The purpose of this exercise is to train the mind to concentrate upon a given subject for longer periods of time without allowing distracting thoughts to enter. This improves memory and comprehension. You cannot meditate without concentration.
Set aside a period of time, such as early morning or before retiring, for this exercise. Whatever time is chosen, try to stick to it each day. Pick a quiet spot where you will not be disturbed.
Sit quietly in a chair with a hard back and just take it easy for a few minutes letting your thoughts slowly come to a halt.
Then, looking at an orange (a real orange, not a picture of an orange) which you have placed on a stand or clear table before you at about 1 ½ feet from you, examine slowly and completely the surface of the orange.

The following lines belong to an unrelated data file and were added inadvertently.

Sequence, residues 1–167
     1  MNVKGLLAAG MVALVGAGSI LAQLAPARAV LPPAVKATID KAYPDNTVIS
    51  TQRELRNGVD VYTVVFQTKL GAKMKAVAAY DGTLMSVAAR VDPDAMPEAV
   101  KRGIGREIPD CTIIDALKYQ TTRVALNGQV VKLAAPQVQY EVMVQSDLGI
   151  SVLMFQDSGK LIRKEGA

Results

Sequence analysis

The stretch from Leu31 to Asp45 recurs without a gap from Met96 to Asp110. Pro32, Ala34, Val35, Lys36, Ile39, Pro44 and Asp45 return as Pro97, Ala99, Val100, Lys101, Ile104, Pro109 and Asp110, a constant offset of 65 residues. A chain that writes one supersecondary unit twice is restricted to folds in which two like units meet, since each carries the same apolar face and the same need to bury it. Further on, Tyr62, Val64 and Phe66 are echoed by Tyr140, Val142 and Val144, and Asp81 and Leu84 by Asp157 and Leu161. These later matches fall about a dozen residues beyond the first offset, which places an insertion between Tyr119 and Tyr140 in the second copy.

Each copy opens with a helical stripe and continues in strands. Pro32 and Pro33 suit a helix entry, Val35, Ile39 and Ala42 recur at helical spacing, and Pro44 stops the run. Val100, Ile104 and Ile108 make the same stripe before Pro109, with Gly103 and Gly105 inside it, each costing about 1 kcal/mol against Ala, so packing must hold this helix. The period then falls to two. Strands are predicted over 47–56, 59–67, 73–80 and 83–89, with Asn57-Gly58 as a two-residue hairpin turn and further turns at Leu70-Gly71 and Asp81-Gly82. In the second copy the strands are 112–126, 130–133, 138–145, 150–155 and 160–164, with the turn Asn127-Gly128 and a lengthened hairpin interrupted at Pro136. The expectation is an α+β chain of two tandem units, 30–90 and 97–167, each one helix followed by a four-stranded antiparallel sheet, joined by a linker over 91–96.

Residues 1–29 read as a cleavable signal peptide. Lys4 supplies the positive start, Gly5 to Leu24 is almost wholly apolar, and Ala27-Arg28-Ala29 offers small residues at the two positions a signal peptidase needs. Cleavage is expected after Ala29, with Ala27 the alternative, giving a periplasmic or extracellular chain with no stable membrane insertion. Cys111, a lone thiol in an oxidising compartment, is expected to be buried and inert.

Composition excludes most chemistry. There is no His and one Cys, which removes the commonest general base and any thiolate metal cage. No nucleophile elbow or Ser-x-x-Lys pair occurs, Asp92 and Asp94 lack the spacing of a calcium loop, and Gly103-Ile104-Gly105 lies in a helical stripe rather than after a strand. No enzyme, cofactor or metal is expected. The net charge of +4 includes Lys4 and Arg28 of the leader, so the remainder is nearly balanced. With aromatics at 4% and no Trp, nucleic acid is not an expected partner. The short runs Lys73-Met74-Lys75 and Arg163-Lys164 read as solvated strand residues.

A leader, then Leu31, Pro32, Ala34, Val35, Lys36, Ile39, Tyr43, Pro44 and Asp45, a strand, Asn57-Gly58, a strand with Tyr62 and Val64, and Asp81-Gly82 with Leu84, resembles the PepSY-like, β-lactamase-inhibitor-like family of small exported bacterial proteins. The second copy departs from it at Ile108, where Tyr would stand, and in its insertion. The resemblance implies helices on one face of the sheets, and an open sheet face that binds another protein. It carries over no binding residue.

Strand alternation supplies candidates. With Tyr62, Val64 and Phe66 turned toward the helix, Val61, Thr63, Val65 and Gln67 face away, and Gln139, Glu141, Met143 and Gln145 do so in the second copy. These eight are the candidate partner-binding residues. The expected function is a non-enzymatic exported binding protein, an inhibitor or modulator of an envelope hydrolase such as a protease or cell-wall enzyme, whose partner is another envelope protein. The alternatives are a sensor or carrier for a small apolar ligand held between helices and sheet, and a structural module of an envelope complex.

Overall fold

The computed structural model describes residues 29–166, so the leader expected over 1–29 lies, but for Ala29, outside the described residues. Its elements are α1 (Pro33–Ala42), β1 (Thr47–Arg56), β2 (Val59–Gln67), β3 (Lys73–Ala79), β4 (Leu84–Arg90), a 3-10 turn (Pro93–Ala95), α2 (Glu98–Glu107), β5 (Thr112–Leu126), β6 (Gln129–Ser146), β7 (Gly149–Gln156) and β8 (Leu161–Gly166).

Then, letting your eyes slowly drift to the center of the orange, look within it as if you are really looking inside the orange.
Let your eyes remain constant as you look within it and examine the various segments, shapes, colors, and sizes of the pieces and the seeds within the orange.
Then after you have done this for a few minutes, examine a seed and take it down to its shell and examine its many layers.
Then looking at the seed, see how it would look placed in the ground, then sprouting, bearing roots, and finally growing to a small tree, then a mature tree bearing a blossom which blossoms into a fruit. You again have the orange. Let this be your exercise.
If at any time during the exercise your attention drifts to another subject, stop immediately and go back to the beginning, letting your thoughts drift out and slowly stop and then begin again.
Do not stop and start again more than 3 times in one sitting. If focus is not kept after 3 tries, discontinue the session and try again later in the day.
The completed exercise should take between 10-15 minutes a day.